That was one example, but there have been others. Working in a bar in NY, I once saw a little Mexican guy who couldn't have been more than 5'2", stomp the hell out of a tough-talking guy nearly my size who claimed to be a Marine.

Another time I saw an effeminate black gay man lay out this scrappy-lookin', drunken racist prick who was way too eager for a fight to be any good in one.

I played pool with the gay guy for almost two years in the same bar, and I had some idea of how hardcore he was by the way he conducted himself - very confident, unafraid. He was a nice guy, but he wasn't about to take any crap from anyone. We got along great.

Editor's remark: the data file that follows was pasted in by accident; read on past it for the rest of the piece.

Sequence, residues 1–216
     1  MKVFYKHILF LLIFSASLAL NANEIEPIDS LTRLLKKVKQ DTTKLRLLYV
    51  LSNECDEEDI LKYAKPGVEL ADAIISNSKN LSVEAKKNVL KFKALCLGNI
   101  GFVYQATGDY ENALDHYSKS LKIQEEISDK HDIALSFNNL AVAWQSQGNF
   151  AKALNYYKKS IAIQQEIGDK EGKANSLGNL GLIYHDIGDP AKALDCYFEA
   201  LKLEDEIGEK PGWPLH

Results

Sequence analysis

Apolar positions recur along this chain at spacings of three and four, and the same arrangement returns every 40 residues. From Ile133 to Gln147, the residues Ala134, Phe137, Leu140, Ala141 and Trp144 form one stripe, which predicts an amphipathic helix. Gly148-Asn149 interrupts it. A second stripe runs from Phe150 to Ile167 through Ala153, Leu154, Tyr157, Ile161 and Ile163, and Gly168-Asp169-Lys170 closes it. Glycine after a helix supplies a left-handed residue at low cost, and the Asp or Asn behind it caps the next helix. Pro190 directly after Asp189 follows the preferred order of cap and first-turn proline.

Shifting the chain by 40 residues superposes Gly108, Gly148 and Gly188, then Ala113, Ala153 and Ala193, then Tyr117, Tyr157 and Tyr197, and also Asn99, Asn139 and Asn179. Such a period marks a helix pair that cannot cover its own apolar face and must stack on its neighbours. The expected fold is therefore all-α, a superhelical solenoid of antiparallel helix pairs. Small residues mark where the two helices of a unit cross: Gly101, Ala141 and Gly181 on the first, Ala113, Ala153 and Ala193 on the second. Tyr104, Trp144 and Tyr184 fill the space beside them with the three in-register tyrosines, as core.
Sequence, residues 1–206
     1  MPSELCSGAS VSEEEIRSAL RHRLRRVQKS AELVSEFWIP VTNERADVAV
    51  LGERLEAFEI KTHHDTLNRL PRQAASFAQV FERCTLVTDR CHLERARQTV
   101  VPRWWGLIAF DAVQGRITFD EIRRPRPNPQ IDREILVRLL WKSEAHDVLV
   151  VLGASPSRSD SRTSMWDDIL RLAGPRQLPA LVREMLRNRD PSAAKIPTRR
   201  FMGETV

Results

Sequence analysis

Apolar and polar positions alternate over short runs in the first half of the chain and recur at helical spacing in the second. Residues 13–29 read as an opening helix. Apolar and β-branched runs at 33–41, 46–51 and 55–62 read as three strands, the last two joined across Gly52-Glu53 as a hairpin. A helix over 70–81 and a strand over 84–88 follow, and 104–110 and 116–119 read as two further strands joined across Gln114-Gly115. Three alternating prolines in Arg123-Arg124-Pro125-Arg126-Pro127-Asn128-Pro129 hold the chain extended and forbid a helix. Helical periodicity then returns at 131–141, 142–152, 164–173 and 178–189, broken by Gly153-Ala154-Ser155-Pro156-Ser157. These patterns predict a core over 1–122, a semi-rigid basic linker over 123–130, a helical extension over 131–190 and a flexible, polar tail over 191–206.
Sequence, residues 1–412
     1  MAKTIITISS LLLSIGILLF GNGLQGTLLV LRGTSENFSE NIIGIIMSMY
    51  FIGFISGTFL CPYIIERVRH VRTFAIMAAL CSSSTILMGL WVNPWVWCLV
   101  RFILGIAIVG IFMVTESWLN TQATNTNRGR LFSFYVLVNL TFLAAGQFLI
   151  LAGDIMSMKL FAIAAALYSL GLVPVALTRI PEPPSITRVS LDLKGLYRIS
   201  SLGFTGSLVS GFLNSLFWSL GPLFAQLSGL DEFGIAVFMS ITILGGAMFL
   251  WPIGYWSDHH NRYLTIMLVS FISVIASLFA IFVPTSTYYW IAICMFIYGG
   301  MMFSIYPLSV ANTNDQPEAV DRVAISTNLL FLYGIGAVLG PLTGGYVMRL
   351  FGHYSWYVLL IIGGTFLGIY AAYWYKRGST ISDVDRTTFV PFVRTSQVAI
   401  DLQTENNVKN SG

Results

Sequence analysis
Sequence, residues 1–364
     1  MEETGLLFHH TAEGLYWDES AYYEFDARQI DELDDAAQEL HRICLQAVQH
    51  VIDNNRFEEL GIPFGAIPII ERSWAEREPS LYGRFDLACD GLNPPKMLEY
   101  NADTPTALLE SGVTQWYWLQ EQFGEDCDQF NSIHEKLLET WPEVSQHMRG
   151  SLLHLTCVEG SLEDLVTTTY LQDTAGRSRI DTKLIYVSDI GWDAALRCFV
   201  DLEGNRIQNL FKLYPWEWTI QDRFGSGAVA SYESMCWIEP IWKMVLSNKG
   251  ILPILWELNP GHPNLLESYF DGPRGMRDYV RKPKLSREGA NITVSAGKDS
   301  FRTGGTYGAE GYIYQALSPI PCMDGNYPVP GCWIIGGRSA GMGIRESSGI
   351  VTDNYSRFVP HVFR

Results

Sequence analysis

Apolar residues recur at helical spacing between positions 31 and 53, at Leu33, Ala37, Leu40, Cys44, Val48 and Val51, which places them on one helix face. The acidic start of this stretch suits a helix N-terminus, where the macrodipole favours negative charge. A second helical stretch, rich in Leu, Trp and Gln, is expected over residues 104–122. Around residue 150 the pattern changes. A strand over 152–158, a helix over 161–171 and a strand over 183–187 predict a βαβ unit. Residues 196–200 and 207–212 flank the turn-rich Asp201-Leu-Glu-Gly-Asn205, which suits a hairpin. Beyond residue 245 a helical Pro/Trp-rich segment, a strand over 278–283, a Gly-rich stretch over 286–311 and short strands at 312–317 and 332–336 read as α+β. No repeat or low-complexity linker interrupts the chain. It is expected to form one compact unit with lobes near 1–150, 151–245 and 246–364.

He probably had to kick a lot of ass in school to protect himself, and he made up in experience and balls what he lacked in formal training.

Another example: this kid I knew in High School who trained for years, from the time he was very young (some form of Karate I think) and was very fit and strong, had his skull crushed by an untrained, but very angry kid wielding a freeweight.

Point being, there's more to self defense than martial arts training. Arguably, the best defense is avoid pissing people off needlessly. If you don't go around insulting people, making an ass out of yourself, and being generally unpleasant, you're less likely to wind up in a fight in the first place, nevermind on the losing end.

If you're nice to people, and still wind up in a fight, at least nobody can say you had it coming.

Anyway, I digress...